We'll talk about the economic impact of localized versions of your app in a moment, but there’s another motivation that seems almost more important: You must have had a reason to create your app in the first place - something you thought was interesting, relevant, or simply fun enough to share with others. In other words, there was some kind of intrinsic value that made you spend all that effort to create your app.

So now you’re saying it's not interesting, relevant, or fun enough to share with the rest of the world? 

Well, we didn't really think that’s what you meant!

Let's look at some numbers. We already mentioned that only slightly more than five percent of the world's population are native English speakers. Sure, there are some who download your apps and don't speak English as a first language - just like you might download a Spanish-language app because your high-school Spanish lets you understand its basic gist. But would you prefer the Spanish version of your new app to one in your native language? Chances are you'd like to focus on what the app is about and not on deciphering language or other content that doesn't feel familiar. And what if you don't know the language at all? Would you even consider downloading a Thai or Japanese app if you don't read those languages?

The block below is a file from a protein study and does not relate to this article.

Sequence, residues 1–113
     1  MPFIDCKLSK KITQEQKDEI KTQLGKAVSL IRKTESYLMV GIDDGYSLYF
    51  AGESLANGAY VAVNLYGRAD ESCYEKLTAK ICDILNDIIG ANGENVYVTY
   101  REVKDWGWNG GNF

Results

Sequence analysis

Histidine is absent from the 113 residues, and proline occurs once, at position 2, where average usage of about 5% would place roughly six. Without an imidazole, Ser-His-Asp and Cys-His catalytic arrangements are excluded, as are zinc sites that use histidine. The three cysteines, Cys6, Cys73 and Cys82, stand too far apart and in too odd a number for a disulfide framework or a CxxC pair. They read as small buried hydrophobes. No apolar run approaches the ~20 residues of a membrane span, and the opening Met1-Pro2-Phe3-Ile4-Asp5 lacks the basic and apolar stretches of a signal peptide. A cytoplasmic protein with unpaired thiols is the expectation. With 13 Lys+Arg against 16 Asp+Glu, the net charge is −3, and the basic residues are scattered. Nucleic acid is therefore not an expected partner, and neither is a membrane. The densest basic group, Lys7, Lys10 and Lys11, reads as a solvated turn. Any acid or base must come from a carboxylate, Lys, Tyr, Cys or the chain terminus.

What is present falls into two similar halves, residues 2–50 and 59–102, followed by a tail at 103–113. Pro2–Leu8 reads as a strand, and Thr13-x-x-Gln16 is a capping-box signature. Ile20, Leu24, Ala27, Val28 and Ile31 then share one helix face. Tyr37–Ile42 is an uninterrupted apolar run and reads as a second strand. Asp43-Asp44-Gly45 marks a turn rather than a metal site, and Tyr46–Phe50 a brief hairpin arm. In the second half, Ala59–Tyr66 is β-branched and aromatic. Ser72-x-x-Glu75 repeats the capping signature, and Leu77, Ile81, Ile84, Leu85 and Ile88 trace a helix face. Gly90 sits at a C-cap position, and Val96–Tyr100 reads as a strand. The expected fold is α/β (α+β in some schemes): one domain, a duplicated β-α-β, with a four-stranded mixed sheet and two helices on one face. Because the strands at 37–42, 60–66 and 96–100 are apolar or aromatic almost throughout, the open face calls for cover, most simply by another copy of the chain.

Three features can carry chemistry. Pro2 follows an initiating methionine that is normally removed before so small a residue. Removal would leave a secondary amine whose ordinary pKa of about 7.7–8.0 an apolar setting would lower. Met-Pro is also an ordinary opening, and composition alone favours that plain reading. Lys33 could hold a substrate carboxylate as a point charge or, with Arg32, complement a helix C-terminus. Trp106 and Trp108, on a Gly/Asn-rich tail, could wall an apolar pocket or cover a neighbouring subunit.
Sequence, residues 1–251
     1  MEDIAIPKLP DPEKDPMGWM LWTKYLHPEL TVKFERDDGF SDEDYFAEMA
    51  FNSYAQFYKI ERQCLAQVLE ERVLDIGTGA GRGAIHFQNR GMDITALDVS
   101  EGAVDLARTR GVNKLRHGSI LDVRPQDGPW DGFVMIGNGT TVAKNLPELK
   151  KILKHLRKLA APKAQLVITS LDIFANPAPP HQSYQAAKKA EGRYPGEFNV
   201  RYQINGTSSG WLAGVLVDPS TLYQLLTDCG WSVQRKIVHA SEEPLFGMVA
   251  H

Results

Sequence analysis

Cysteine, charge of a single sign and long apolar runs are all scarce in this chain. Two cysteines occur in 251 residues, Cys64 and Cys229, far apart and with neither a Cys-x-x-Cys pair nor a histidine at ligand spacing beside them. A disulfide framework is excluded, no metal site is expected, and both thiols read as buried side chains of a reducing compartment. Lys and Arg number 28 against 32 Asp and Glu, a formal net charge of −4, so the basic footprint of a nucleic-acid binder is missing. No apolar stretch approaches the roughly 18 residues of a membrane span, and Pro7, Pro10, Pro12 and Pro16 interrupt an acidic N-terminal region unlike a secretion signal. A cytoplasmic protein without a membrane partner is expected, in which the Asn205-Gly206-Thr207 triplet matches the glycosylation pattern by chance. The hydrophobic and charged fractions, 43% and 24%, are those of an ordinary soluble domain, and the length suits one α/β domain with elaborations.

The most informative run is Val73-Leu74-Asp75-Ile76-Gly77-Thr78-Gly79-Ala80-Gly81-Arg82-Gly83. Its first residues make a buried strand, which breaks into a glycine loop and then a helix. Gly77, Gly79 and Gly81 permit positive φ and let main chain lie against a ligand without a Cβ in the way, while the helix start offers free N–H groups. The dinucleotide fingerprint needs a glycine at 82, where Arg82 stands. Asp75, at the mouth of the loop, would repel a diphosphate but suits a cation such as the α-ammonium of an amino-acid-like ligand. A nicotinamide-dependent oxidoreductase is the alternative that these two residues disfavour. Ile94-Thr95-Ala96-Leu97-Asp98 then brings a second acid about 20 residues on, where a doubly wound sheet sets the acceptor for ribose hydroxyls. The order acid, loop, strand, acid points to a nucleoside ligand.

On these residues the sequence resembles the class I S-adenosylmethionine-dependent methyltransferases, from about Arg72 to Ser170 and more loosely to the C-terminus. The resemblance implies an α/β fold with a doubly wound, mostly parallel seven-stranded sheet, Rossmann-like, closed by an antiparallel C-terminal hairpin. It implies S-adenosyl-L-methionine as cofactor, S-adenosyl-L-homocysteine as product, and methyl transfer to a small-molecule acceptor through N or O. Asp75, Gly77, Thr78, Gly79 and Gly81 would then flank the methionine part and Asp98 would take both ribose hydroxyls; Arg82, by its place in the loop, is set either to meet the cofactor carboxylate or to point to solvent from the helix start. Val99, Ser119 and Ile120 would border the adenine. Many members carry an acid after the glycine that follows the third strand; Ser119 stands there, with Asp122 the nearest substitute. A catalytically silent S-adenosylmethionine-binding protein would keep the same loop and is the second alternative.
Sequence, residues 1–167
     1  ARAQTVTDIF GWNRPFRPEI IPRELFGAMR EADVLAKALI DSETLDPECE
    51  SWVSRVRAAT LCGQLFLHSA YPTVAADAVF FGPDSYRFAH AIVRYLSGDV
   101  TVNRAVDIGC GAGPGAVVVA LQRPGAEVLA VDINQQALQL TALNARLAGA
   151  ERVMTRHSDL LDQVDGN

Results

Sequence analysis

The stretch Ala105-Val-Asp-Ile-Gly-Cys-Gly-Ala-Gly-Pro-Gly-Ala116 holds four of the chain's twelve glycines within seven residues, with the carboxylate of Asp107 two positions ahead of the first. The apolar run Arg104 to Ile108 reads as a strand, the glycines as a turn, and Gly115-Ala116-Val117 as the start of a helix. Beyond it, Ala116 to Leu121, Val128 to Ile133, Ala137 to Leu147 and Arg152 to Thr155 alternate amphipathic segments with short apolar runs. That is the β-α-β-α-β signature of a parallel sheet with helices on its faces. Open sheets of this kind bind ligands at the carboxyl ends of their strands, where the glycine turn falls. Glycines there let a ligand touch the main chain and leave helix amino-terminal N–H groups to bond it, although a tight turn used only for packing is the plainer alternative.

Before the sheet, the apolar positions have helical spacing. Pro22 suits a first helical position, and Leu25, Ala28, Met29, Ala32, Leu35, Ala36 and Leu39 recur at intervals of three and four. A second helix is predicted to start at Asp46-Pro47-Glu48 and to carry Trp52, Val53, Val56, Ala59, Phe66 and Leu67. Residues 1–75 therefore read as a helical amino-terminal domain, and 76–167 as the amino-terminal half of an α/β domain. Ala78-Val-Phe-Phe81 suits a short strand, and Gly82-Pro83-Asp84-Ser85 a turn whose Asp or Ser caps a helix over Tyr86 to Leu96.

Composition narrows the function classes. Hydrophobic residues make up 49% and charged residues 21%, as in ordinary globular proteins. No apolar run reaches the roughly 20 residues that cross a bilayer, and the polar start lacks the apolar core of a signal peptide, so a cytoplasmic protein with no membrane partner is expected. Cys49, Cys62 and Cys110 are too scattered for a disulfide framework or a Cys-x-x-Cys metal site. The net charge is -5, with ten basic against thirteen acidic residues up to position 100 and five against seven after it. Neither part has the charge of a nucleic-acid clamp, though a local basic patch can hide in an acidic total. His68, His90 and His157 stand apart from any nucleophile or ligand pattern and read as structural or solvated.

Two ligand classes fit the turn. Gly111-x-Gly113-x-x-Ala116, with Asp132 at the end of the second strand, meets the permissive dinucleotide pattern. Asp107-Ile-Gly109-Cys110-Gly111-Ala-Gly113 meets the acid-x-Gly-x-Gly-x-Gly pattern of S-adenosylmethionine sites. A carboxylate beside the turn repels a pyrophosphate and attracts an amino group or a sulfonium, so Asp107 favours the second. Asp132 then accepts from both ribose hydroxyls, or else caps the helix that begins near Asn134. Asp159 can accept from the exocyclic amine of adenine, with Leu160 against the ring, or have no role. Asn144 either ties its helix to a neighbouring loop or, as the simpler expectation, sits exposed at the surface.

The US app market is still the biggest revenue-generating market, and it’s growing by an impressive 81% each year. But check out these numbers: While the app market in Japan is "only" two-thirds the size of the US market, it’s growing by 280% annually. The app market in South Korea is less than a third the size, but it’s growing at a rate of 759%.* (Yes, you read that right -- we did a double take, too!) And the growth for countries like Brazil, Russia, India, and China is comparably impressive and expected to rise significantly.